Thursday, April 18, 11:10 a.m.
Scholar-Athletes and Embodied Learning: Writing Themselves In

Dr. J. Michael Rifenburg’s recent book The Embodied Playbook offers groundbreaking insight into the teaching of scholar-athletes. He offers a new approach to understanding student literacy in a surprising place: the university athletics department. Through analysis of a yearlong case study of the men’s basketball team at the University of North Georgia, Rifenburg shows that a deeper and more refined understanding of how humans learn through physical action can help writing instructors reach a greater range of students.

Speaker: J. Michael Rifenburg, Associate Professor of Writing, University of North Georgia

In collaboration with the Department of Writing Studies and Rhetoric.

Guthart Cultural Center Theater, Axinn Library

Dr. J. Michael Rifenburg

Monday, April 29, 7 p.m.
Navigating Our Intersections:
A Conversation About Race, Ability, and Queerness With Lydia X. Z. Brown

In celebration of Asian Pacific Islander Heritage Month and in an effort to promote inclusive and intersectional dialogue about social justice, Lydia X. Z. Brown will deliver a lecture about their experiences as an autistic, trans-racial adoptee. Through their lecture, Brown will challenge us to speak about transracial and transnational adoption as a reproductive justice, disability justice, decolonization, and racial justice issue. They will also tackle how the fame of individuals emulating Rachel Dolezal and her blackface have affected their ability to navigate American society as a real transracial person.

Speaker: Lydia X. Z. Brown, Disability Justice Advocate, Organizer, and Writer

Co-sponsored by the Queer and Trans People of Color Coalition, The Gender Identity Federation, The Pride Network, Hofstra’s Asian American Pacific Islander Alliance, Collegiate Women of Color, Intercultural Engagement and Inclusion, and the Hofstra Cultural Center.

Guthart Cultural Center Theater, Axinn Library

Lydia X. Z. Brown

Thursday, March 1, 9:35 a.m.

Professor of Law
George Mason University of Law

Author, Democracy and Political Ignorance: Why Smaller Government Is Smarter One of the biggest problems with modern democracy is that most of the public is usually ignorant of politics and government. Many people believe that their votes are unlikely to change the outcome of an election and don't see the point in learning much about politics. This creates a nation of people with little political knowledge and little ability to objectively evaluate what they do know. Ilya Somin writes regularly for the Volokh Conspiracy law and politics blog at The Washington Post. He is also the author of The Grasping Hand: Kelo v. City of New London and the Limits of Eminent Domain (2015) and coauthor of A Conspiracy Against Obamacare: The Volokh Conspiracy and the Health Care Case (2013).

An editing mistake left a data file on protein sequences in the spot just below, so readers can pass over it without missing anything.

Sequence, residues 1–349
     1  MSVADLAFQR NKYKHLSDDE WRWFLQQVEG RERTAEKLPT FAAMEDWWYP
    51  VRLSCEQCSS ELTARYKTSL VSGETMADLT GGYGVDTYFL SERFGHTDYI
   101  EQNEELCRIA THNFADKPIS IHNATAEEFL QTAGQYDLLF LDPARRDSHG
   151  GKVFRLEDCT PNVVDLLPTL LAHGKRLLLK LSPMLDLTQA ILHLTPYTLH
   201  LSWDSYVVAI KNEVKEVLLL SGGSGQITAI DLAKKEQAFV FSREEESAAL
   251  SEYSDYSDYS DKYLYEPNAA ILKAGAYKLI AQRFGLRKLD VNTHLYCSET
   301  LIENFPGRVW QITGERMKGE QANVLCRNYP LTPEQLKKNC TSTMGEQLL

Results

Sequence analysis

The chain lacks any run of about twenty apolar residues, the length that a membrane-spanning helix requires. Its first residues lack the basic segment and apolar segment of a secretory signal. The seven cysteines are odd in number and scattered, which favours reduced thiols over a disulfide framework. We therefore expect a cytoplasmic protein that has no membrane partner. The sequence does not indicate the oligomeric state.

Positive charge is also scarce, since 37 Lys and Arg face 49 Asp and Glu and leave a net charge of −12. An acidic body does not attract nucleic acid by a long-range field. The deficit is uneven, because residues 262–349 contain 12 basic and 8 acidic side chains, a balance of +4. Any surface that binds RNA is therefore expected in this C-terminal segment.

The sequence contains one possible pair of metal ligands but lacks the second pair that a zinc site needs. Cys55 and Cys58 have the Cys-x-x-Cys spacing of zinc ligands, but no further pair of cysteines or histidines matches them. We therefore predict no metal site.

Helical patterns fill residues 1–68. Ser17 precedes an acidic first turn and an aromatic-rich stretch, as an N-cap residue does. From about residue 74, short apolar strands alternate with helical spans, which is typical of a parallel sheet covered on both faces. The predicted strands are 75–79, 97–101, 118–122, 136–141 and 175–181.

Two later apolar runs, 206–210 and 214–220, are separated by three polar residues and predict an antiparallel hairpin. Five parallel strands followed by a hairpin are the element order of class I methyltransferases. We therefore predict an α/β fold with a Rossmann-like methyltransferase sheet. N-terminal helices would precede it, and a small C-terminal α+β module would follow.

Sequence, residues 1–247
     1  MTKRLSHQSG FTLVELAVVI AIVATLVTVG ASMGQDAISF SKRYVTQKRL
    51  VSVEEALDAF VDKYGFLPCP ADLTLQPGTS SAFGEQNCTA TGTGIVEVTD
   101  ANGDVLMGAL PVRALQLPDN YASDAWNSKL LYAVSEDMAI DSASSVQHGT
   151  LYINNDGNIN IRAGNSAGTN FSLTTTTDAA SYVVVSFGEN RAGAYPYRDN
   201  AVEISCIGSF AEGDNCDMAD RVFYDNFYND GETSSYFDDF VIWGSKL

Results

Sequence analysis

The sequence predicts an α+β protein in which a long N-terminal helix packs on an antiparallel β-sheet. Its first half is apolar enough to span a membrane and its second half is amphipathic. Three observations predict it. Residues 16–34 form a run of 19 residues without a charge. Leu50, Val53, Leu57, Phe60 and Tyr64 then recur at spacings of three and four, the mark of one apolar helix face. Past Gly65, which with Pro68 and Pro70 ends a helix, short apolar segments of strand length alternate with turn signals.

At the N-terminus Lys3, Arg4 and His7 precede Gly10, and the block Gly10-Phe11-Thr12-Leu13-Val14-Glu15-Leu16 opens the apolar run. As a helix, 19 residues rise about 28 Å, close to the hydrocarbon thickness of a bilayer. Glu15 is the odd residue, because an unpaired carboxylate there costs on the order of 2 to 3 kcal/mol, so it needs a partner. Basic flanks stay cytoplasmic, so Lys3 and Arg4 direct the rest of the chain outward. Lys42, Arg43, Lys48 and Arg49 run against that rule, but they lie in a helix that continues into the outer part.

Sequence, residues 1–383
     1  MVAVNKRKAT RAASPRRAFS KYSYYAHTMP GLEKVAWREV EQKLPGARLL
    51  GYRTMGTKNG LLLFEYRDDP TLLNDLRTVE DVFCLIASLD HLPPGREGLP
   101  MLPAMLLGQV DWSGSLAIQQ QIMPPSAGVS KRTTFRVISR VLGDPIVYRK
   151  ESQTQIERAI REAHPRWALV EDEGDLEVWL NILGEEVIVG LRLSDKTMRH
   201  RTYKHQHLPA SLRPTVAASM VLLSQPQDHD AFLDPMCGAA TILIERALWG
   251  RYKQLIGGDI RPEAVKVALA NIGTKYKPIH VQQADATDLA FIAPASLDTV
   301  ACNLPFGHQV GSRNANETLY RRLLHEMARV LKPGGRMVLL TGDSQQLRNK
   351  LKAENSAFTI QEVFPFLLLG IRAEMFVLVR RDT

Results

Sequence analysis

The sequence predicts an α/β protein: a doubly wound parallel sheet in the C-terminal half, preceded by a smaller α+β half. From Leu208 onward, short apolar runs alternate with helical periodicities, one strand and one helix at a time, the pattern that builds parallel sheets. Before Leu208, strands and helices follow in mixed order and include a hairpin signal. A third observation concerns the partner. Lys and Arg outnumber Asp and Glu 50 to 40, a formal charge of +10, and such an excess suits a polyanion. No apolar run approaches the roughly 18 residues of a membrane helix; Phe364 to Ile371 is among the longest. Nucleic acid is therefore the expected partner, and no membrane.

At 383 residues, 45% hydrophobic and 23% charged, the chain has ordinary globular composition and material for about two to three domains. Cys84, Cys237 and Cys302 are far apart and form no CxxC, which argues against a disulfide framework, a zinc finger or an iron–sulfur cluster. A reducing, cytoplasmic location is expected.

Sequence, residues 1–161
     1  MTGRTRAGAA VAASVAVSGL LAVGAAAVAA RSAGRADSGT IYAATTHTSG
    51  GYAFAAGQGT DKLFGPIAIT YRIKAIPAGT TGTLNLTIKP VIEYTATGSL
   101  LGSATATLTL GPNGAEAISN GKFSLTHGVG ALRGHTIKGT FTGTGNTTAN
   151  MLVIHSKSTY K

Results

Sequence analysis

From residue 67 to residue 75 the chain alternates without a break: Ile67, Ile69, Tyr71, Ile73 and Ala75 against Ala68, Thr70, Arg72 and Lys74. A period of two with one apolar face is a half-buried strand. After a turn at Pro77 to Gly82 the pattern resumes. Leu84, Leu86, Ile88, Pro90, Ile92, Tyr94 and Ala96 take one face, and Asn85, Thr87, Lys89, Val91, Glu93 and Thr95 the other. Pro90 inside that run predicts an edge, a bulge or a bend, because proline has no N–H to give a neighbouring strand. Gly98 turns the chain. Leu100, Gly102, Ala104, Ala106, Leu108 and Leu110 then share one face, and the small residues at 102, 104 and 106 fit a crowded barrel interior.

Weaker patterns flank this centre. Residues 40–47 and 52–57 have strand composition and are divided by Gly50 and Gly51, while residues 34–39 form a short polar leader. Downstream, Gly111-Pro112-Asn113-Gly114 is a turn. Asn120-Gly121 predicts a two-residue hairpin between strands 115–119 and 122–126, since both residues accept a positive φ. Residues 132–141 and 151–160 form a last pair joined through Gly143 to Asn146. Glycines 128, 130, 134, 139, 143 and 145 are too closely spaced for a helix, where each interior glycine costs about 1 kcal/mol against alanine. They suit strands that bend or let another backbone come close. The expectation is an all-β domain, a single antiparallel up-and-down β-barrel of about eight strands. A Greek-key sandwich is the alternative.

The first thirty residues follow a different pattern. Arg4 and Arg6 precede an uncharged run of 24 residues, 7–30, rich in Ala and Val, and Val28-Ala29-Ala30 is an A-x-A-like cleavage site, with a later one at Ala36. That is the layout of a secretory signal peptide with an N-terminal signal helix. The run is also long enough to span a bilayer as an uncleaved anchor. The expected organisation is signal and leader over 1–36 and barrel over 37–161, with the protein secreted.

The Donald J. Sutherland Lecture is named for the former Hofstra trustee who endowed the annual event.

Co-sponsored by the Hofstra Cultural Center.

Guthart Cultural Center Theater, Axinn Library

Ilya Somin

Thursday, April 5, 11 a.m.-12:40 p.m.

Signature Event: A Conversation with David Frum
Senior Editor, The Atlantic
Author, Trumpocracy, The Corruption of the American Republic
Speechwriter for President George W. Bush, 2001-2002

Former White House speechwriter, Atlantic senior editor, andmedia commentator David Frum explains why President Trump has undermined our most important institutions in ways even the most critical media has missed. This thoughtful and hard-hitting book is a warning for democracy and America's future.

Student Center Theater, Mack Student Center

Trumpocracy by David Frum

Monday, April 9, 4:30 p.m.

Joseph G. Astman Signature Lecture Twyla Tharp: The Creative Habit

All it takes to make creativity a part of your life is the willingness to make it a habit. Creativity is the product of preparation and effort, and it is within reach of everyone. Whether you are a painter, musician, businessperson, or simply an individual yearning to put your creativity to use, join us as world-renowned choreographer and dance artist Twyla Tharp speaks about her book The Creative Habit: Learn It and Use It for Life, based on the lessons she learned in her remarkable 35-year career. #HofCreativity

The Fortunoff Theater, Monroe Lecture Center, California Avenue

Twyla Tharp

Locking Up Our Own: Crime and Punishment In Black America

James Forman Jr., former public defender, professor, and criminal justice reformer, Yale Law School

Based on his critically acclaimed book by the same name, this talk builds on Forman’s work as a public defender, a founder of a charter school for incarcerated teens, and a law professor to outline the criminal justice crisis with both data and human stories. He leaves the audience with hope for what can be done to make a difference, and how they themselves can contribute to change.

Co-sponsored by the Monroe Freedman Institute for the Study of Legal Ethics, Criminal Justice Clinic and the Black Law Students Association, Maurice A. Deane School of Law.

Fortunoff Theater, Monroe Lecture Center (11/07/17)

James Forman

THE DEFAMATION EXPERIENCE: When Race, Class, Religion and Gender Collide – A Conversation Begins

A Play by Todd Logan

Presented by Canamac Productions, the nationally acclaimed play Defamation is a riveting courtroom drama that explores the highly charged issues of race, religion, gender, class and the law with a twist: the audience is the jury. More than a play, Defamation is a unique opportunity for the community to engage in civil discourse about the most pressing social issues of our day. Through deliberations and post-show discussions, audiences engage in civil discourse that may challenge preconceived notions. Playwright